By MARK STEVENSON
MEXICO CITY (AP) — A campaign to save Benito the giraffe from extreme temperatures and a small enclosure in Mexico’s arid northern border city of Ciudad Juarez has finally paid off, with officials promising to move him to a more spacious animal park 1,250 miles (2,000 kilometers) to the south.
Benito arrived in Ciudad Juarez, which is across the border from El Paso, Texas, in May 2023 as a 3-year-old, and since then has had to put up with the scorching desert sun with just a small patch of shade, as well as the winter cold and winds.
“Right now he’s suffering from the winter weather,” said Ana Félix, a Ciudad Juarez animal rights activist whose group “We Are Your Voice” led the fight to find a better home for Benito. “These winds of 25 miles per hour (40 kph) are what are really affecting the health and life of the giraffe now.”
It can’t come a minute too soon for Benito. Temperatures in Ciudad Juarez were forecast to drop to 25 degrees (-4 Celsius) on Monday, for example.
The government of the northern state of Chihuahua on Monday confirmed it had reached an agreement to transfer Benito to the Africam Safari park in the central state of Puebla because “the well-being of Benito is the priority.”
Africam operates a safari-style park in which animals roam large enclosures, while visitors observe many of the species from their cars.
Félix said the decision was long overdue and came only after activists had mounted social media campaigns showing Benito crouching with only his head under a small, circular canopy for shade last summer.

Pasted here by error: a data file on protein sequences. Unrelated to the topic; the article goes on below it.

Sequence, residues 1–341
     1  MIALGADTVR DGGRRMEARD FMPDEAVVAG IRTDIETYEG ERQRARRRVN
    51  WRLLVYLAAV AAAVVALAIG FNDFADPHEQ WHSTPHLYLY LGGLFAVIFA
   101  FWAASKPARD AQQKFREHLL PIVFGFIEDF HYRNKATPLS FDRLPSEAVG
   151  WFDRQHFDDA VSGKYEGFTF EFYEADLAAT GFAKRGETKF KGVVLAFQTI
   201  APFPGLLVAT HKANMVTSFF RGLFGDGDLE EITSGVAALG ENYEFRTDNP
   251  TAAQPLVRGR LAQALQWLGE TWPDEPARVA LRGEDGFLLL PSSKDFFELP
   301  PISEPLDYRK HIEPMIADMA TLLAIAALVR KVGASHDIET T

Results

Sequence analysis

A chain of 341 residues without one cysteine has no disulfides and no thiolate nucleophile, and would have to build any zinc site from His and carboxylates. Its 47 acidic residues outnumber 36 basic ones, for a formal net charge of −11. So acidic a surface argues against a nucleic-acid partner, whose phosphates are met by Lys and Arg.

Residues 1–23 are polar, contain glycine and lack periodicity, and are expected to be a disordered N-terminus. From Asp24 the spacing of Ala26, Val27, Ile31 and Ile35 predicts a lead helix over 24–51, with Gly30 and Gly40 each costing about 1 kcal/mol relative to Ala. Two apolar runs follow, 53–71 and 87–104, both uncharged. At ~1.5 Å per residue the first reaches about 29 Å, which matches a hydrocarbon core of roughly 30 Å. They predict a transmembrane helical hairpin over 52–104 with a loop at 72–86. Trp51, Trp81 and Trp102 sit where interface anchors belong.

The Attorney General’s Office for Environmental Protection, known by its Spanish initials as Profepa, wrote that it had taken administrative possession of the giraffe and that he would remain where he was until several days of paperwork were completed for the transfer.
“Fortunately Africam Safari has agreed to take him, and now it’s only a matter of Profepa hurrying up and issuing the paperwork needed to transfer this giraffe,” Félix said.
Africam Safari Director Frank Carlos Camacho said in a video that his reserve “is ready to receive him,” but noted that moving an animal the size of a giraffe across the country “is a complicated thing.”
“Moving him from Chihuahua to Puebla is going to be a long move,” Camacho said.
Félix said authorities finally took action “late, but still in time.”
At Ciudad Juarez’s city-run Central Park, Benito had a small shed for winter, but activists said it was cruel to keep the giraffe in a small fenced enclosure, by himself, with only about a half acre to wander and few trees to nibble, in a climate he’s not used to.
The park also built a larger sun canopy for the giraffe and dredged out garbage and fetid water from a pool that took up much of the enclosure.
By June, Benito appeared to have just about finished off the only small trees within his reach at Central Park and could do little more than walk in circles.
Benito’s presence had been important in boosting the park’s popularity among visitors, largely children. Monthly visits rose from about 140,000 before Benito arrived to 200,000 after.
Benito was donated by a zoo in the much more temperate climate of Sinaloa, a state on Mexico’s northern Pacific coast. Benito couldn’t stay with two other giraffes at the Sinaloa zoo because they were a couple, and the male could become territorial and attack the younger Benito.
The giraffe’s arrival was a point of pride for Ciudad Juarez, a tough, dusty city across from El Paso, Texas, that is best known for its hundreds of maquiladora assembly factories and its endemic gang violence.
Central Park also holds a few other animal species like ducks and donkeys, but Félix wants those rehoused, as well.
“Benito is leaving, but we are going to continue fighting to get all the animals out of that place,” she said. “It is not an adequate place for animals, it is just a plain old regular public park.”